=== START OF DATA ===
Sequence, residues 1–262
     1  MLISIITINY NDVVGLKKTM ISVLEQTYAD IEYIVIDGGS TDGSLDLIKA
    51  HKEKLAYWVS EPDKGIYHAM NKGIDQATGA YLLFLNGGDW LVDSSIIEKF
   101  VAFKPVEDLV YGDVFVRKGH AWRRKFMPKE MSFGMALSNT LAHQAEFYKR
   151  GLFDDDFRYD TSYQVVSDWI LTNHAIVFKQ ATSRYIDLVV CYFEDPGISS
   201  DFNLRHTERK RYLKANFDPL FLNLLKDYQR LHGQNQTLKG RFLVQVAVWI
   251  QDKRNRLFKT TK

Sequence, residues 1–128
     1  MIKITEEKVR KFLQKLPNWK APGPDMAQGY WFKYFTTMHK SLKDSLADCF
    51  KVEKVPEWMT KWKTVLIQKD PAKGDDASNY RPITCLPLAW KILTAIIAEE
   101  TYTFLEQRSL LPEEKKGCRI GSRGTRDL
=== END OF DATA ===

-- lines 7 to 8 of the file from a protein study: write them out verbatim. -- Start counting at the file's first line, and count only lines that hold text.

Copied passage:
   251  QDKRNRLFKT TK

Sequence, residues 1–128